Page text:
On Fri, 24 Apr 2015 11:59:33 -0700 (PDT)
Konrád Lőrinczi <klorin...@gmail.com> wrote:

[...]
>     mkdir /domains/git/site-bare.git
>     cd /domains/git/site-bare.git
>     git --git-dir=. --work-tree=/domains/site/test-workdir/. init
>     git config receive.denycurrentbranch ignore
>     cd /domains/git/site-bare.git/hooks
>     nano post-receive
>     # add the following content until # end
>     #!/bin/sh
>     export GIT_WORK_TREE=/domains/site/test-workdir/.
>     export GIT_DIR=/domains/git/site-bare.git/.git

^^^ This.

The GIT_DIR environment variable tells Git where the "Git database
directory" is located.
But a bare Git repo *is* the Git database directory in itself.
That makes it different from a "normal" Git repository, in which the
root directory is the so-called work tree, and the Git database
directory is typically located beneath and called ".git".

Obviously, in a bare repo, there's no ".git" subdirectory.
Bare repos even typically have the ".git" suffix appended to their names
precisely to signify they already are ".git directories".

[...]

>     git push web-remote master
> 
> 
> Once I also got the 
[...]
>     remote: fatal: Not a git repository:
> '/domains/git/site-bare.git/.git'

That most probably was the message a Git program run from your hook
script yelled at you.  Since you did not enable/provide proper error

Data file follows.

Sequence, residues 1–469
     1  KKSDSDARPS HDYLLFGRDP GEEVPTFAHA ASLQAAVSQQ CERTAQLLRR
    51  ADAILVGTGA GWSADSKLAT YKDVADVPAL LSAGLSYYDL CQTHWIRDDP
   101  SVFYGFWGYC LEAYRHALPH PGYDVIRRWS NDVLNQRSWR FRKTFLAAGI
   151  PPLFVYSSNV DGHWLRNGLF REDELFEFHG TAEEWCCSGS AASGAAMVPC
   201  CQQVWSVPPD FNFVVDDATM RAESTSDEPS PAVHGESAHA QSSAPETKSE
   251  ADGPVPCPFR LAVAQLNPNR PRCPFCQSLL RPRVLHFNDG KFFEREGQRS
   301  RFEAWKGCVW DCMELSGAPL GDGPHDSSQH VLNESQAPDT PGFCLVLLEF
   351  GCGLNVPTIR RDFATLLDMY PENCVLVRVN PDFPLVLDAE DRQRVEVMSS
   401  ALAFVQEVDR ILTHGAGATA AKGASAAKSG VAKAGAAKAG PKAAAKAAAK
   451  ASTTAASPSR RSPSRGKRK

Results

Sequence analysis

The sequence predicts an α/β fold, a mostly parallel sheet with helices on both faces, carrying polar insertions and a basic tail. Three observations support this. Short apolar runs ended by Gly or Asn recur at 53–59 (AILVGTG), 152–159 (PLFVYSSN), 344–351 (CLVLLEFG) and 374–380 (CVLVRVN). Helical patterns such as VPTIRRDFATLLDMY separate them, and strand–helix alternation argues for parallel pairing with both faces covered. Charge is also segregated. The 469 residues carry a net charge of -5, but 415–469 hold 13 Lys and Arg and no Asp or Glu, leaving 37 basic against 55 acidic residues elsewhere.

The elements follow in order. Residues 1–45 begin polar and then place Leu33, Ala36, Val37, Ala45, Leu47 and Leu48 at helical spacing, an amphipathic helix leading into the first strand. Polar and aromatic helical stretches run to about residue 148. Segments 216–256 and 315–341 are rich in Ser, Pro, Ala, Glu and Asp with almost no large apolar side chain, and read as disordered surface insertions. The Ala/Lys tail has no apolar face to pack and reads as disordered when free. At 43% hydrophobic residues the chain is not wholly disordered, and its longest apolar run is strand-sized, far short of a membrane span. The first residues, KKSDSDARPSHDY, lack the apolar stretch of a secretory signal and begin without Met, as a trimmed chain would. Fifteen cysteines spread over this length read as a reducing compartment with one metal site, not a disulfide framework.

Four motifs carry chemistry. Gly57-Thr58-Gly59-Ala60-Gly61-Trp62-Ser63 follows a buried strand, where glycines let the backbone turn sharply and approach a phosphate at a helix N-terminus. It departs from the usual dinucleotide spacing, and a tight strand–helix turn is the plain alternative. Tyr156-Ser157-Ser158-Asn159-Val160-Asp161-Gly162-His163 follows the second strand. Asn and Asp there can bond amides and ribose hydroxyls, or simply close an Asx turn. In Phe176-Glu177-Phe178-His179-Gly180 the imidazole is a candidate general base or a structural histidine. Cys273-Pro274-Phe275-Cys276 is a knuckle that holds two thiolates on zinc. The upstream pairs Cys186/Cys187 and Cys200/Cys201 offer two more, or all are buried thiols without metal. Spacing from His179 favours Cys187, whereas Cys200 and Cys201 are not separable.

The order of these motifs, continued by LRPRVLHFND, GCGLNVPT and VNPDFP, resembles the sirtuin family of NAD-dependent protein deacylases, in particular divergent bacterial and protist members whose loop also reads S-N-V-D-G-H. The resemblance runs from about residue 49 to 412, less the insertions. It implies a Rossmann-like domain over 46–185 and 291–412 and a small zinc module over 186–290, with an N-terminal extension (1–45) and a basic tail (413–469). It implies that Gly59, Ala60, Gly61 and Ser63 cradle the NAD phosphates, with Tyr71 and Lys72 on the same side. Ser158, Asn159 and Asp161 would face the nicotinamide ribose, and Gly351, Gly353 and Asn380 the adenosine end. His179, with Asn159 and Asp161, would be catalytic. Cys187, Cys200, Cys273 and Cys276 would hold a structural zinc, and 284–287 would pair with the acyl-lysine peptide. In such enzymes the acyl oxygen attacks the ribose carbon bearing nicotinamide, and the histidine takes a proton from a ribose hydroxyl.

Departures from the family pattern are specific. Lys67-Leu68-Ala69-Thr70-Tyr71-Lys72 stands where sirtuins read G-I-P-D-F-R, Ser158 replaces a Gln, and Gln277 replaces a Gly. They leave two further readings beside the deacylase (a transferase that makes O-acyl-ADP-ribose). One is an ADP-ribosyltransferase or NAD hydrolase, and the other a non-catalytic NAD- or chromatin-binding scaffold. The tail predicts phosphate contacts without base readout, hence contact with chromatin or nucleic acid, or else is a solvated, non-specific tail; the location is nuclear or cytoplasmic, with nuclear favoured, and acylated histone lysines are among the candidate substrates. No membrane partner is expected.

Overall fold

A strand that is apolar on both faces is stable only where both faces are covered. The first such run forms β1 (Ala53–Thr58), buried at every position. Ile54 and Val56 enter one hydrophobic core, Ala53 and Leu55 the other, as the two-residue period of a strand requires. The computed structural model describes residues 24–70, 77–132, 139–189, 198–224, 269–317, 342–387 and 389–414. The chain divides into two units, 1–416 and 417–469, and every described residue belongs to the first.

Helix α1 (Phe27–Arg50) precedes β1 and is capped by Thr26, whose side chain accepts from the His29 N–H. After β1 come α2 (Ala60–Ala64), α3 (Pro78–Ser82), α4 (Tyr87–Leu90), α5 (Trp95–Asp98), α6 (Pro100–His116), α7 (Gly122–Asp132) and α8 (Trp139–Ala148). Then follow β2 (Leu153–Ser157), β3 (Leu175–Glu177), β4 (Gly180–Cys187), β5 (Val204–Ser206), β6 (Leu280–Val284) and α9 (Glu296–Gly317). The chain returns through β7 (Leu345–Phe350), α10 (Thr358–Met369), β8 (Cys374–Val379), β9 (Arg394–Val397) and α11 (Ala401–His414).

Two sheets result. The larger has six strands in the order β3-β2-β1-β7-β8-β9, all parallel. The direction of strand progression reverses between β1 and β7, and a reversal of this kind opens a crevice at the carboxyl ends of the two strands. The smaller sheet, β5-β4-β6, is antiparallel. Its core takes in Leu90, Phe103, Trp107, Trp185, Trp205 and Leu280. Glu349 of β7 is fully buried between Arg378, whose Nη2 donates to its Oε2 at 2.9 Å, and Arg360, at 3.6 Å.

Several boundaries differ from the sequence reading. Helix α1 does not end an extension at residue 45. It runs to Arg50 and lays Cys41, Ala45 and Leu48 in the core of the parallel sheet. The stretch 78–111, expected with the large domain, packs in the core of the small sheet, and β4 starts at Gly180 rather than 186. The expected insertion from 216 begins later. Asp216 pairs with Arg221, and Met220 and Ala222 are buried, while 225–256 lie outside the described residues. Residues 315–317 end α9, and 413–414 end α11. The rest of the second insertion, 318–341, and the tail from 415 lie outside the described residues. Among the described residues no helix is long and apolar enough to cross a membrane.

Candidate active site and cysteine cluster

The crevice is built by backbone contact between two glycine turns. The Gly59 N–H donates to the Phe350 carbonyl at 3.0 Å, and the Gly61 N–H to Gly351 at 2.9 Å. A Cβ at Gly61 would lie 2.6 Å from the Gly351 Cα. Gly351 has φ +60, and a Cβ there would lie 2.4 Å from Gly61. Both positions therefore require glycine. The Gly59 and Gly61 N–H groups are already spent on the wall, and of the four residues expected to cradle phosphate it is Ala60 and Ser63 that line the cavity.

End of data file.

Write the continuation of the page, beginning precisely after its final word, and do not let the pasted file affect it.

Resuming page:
reporting in your hook script, even though `git checkout` failed with
that error message, the script continued to chug along and hence the
receive operation succeeded.

[...]
> Later I did not get such "Not a git repository" error.

Did the hook run?
If you had no new commits to push, the hook was not run.

> But anyway, the workdir is not filled with content, this is my
> problem.
> 
> UPDATE: If I do "git checkout -f" of the server, then the workdir is 
> updated. So this means that the post-receive hook is not executed.
> 
> Any idea why the remote workdir is not updated?

There are many issues with your approach.

The first one is that your GIT_DIR setting is incorrect (and outright
nonsensical) as I expained above.  But I'd say it is not needed at all:
when the hook runs, it already has all the Git-related settings in its
environment.  So you only has to provide it with the location of your
work tree.

The second problem is that the hook is supposed to fail (that is, to
exit with a non-zero exit code; supposedly having printed out an error
message to the standard error stream before doing that) as soon as it
encounters an error.  In your case I'd start with placing the line

  set -e -u

somewhere right after the shebang line (that #!/bin/sh thing).  This
would ask the shell to crash and burn as soon as any command it
executed failed (and that was not properly handled by the script) or
the script attempts to dereference a variable which was not assigned a
value.

I would also say that the correct event for the hook like yours is
post-update, not post-receive.  Receiving deals with, well, receiving,
while post-update means the heads (branches) were already updated with
their new commits.

And another pro-tip.  If you need to debug a script, running
non-interactively, a useful "trick" is to wrap it in another script,
something like this:

  #!/bin/sh
  set -e -u
  orig="`dirname '$0'`/post-update.orig"
  exec /bin/sh -x "$orig" $@ >/var/tmp/my-hook-trace.log 2>&1

Where your post-update.orig is the original script to debug, and the
script I showed is temporarily made the post-update hook.
The "-x" command-line option instructs the shell to trace the execution
of the script it's told to run, and that trace ends up in the log file
-- with all the diagnostic and error messages.

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